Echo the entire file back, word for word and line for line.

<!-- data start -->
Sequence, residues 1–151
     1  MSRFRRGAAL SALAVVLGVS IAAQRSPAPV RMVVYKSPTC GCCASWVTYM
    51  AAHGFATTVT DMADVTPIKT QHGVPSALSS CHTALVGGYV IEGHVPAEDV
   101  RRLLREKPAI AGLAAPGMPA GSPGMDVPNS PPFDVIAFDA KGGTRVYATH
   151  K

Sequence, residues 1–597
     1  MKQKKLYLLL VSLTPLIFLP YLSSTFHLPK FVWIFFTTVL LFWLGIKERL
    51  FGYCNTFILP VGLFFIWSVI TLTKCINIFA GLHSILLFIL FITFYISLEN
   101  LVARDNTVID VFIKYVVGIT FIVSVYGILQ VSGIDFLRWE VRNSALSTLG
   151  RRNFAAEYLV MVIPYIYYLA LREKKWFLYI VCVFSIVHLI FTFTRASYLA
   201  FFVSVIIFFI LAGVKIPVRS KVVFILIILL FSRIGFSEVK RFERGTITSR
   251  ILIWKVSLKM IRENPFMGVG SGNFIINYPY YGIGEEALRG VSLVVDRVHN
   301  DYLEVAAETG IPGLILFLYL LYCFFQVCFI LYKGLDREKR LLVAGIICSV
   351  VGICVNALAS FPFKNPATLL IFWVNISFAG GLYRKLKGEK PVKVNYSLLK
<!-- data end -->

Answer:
Sequence, residues 1–151
     1  MSRFRRGAAL SALAVVLGVS IAAQRSPAPV RMVVYKSPTC GCCASWVTYM
    51  AAHGFATTVT DMADVTPIKT QHGVPSALSS CHTALVGGYV IEGHVPAEDV
   101  RRLLREKPAI AGLAAPGMPA GSPGMDVPNS PPFDVIAFDA KGGTRVYATH
   151  K

Sequence, residues 1–597
     1  MKQKKLYLLL VSLTPLIFLP YLSSTFHLPK FVWIFFTTVL LFWLGIKERL
    51  FGYCNTFILP VGLFFIWSVI TLTKCINIFA GLHSILLFIL FITFYISLEN
   101  LVARDNTVID VFIKYVVGIT FIVSVYGILQ VSGIDFLRWE VRNSALSTLG
   151  RRNFAAEYLV MVIPYIYYLA LREKKWFLYI VCVFSIVHLI FTFTRASYLA
   201  FFVSVIIFFI LAGVKIPVRS KVVFILIILL FSRIGFSEVK RFERGTITSR
   251  ILIWKVSLKM IRENPFMGVG SGNFIINYPY YGIGEEALRG VSLVVDRVHN
   301  DYLEVAAETG IPGLILFLYL LYCFFQVCFI LYKGLDREKR LLVAGIICSV
   351  VGICVNALAS FPFKNPATLL IFWVNISFAG GLYRKLKGEK PVKVNYSLLK